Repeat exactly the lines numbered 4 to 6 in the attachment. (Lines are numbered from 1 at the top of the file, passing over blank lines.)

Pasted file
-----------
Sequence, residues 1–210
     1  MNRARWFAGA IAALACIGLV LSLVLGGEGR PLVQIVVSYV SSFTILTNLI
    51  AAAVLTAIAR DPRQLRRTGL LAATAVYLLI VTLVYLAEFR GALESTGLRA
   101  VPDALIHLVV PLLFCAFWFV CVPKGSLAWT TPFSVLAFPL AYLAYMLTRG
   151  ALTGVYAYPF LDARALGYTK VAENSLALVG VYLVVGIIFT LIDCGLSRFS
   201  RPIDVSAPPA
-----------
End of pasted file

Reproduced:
   101  VPDALIHLVV PLLFCAFWFV CVPKGSLAWT TPFSVLAFPL AYLAYMLTRG
   151  ALTGVYAYPF LDARALGYTK VAENSLALVG VYLVVGIIFT LIDCGLSRFS
   201  RPIDVSAPPA